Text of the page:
Chai Pani employee Chris O'Leary handed a take-out order to Andrea Guion on November 17, 2020 at the downtown Asheville eatery. Chai Pani is now offering take-out only and their indoor seating remains closed, though they have added three picnic tables on a section of sidewalk in front of the establishment. Colby Rabon / Carolina Public Press

by Anne Blythe, North Carolina Health News 

North Carolina’s bars and taverns, forced to close for nearly a year in the battle against COVID-19, may reopen their doors this weekend to welcome people in for a beer, glass of wine or shot of their choice at limited capacity.

Gov. Roy Cooper announced on Wednesday that he was lifting the curfew that has been in place since Dec. 11 and entering a new executive order that allows larger crowds at sporting events, concert venues, amusement parks, restaurants, museums, aquariums, salons, tattoo parlors and retail facilities.

The easing of restrictions comes as North Carolina’s daily COVID case counts continue to trend downward. Hospitals are also treating fewer people battling severe illness from the coronavirus that has made 2020 feel like it has stretched months into the new year.

After a surge of new cases and subsequent hospitalizations related to Thanksgiving and the winter holidays, Mandy Cohen, secretary of the state Department of Health and Human Services, said the trends and metrics that she and her public health team have monitored throughout the pandemic are going in the right direction.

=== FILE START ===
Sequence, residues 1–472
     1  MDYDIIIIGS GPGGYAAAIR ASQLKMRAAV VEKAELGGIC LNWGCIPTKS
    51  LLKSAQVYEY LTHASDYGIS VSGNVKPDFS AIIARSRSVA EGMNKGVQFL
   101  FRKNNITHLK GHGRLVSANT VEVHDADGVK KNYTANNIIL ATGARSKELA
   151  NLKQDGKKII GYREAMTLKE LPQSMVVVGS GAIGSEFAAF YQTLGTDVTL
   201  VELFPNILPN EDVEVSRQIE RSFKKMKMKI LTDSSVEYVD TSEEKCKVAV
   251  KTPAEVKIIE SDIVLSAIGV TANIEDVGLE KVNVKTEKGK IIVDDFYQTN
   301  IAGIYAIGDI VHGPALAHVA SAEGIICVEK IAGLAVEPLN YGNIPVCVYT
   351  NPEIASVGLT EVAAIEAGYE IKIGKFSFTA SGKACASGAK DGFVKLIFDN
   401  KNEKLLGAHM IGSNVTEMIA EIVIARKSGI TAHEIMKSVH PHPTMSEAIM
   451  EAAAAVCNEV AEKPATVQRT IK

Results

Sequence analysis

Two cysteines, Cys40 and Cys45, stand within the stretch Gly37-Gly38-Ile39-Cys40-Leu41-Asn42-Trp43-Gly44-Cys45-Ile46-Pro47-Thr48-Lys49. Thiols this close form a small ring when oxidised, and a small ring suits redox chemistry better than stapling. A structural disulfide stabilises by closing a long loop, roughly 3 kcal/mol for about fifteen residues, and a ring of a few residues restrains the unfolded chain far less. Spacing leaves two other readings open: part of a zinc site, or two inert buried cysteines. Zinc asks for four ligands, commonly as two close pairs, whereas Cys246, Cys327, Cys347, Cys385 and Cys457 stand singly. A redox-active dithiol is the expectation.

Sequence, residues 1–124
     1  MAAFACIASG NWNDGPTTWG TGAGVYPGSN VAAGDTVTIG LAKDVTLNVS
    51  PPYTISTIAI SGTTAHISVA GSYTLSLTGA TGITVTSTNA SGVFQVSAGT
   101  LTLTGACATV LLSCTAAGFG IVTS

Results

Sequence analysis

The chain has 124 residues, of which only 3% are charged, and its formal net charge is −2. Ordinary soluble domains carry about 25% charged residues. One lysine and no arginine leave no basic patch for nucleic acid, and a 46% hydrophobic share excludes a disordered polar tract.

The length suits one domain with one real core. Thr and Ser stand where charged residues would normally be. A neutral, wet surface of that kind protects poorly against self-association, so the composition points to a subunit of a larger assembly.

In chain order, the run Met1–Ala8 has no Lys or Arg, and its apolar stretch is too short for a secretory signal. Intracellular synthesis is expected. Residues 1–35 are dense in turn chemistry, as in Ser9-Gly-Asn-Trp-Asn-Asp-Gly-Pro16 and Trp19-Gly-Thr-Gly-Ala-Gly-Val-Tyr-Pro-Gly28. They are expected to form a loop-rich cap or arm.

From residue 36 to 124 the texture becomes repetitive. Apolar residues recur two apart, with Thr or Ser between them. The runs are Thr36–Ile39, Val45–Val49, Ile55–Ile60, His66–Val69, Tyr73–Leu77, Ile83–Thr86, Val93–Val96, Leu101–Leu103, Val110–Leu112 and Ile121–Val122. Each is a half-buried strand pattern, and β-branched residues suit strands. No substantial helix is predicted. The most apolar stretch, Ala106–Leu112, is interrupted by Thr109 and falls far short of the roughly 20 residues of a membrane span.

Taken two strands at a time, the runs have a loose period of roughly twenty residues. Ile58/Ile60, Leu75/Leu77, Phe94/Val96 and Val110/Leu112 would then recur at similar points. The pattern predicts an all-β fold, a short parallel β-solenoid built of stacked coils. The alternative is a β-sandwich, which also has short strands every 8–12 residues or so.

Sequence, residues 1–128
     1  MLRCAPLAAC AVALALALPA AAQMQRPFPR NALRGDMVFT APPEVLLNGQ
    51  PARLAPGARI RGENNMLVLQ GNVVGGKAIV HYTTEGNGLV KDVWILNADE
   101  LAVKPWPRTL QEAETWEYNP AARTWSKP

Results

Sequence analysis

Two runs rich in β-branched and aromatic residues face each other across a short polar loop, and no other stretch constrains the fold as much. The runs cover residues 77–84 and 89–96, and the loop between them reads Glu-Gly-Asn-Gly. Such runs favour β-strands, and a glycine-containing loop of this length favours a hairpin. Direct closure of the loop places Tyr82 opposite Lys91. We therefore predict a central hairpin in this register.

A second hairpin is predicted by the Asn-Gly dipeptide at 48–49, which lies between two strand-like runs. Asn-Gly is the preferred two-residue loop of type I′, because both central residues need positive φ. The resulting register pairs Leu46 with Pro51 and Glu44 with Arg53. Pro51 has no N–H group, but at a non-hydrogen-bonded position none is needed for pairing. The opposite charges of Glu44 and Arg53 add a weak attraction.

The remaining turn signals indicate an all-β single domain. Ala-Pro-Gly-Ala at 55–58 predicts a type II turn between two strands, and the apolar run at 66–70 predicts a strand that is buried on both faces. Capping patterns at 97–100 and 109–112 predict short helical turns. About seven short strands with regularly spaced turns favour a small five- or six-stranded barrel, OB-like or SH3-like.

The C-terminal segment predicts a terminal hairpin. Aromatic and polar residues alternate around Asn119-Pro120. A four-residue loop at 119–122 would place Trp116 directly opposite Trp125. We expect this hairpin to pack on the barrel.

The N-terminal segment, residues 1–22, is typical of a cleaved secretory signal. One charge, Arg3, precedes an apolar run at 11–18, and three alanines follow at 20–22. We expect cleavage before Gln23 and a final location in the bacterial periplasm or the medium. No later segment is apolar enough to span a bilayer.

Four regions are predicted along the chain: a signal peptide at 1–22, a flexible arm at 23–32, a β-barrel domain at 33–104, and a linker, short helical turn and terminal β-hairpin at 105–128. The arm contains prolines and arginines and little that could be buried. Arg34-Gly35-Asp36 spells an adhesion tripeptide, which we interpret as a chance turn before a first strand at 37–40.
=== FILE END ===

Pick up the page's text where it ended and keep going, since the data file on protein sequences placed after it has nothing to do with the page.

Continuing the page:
New daily case counts are back to the level they were in October. The hospitalization numbers — 1,530 on Wednesday — are back down to what they were in November, before the surges.

The positivity rate now hovers at 6 to 7 percent, only slightly above the 5 percent goal.

Fewer people are showing up in emergency departments with COVID-19 symptoms.

Cooper noted “significant and sustained improvement” in the state’s metrics as he outlined what would be included in his newest executive order, which goes into effect Friday.

“When it comes to easing some restrictions, we’re depending on people to be responsible,” Cooper said.

The mandatory mask mandate continues.

“As more people gather together, it will be more important than ever to social distance,” Cooper said. “These proven safety protocols are vital, as this virus is still here and infecting people every day.”

What’s in the order?

Some highlights from the order include:

  • Increasing the number of people who can gather together indoors to 25 from the previous 10-person cap while continuing with the 50-person limit outdoors;
  • A 30 percent indoor occupancy limit (or 250-person cap) for bars, conference spaces, lounges, night clubs, indoor amusement park areas, movie theaters, bingo parlors and gaming facilities, and most indoor and outdoor sporting venues;
  • Amending the alcohol sales curfew to allow on-site consumption at restaurants and bars until 11 p.m.;
  • Allowing indoor event venues with more than 5,000 seats, such as many college and professional sports arenas, an exception from the 250-person cap and a crowd size of up to 15 percent of their capacity if they follow additional safety measures; and
  • A 50 percent capacity limit at restaurants, breweries, wineries, distilleries, gyms, bowling alleys, swimming pools, rock climbing facilities, museums, aquariums, outdoor areas of amusement parks, salons, barbershops and tattoo parlors.

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